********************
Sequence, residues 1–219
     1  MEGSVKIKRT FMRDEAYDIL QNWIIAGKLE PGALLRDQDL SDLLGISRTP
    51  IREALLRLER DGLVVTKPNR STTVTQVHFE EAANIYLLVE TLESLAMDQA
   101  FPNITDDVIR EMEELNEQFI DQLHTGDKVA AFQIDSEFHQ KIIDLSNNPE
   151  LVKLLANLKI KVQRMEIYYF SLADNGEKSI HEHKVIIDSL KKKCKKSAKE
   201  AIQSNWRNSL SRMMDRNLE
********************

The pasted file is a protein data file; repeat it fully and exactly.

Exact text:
Sequence, residues 1–219
     1  MEGSVKIKRT FMRDEAYDIL QNWIIAGKLE PGALLRDQDL SDLLGISRTP
    51  IREALLRLER DGLVVTKPNR STTVTQVHFE EAANIYLLVE TLESLAMDQA
   101  FPNITDDVIR EMEELNEQFI DQLHTGDKVA AFQIDSEFHQ KIIDLSNNPE
   151  LVKLLANLKI KVQRMEIYYF SLADNGEKSI HEHKVIIDSL KKKCKKSAKE
   201  AIQSNWRNSL SRMMDRNLE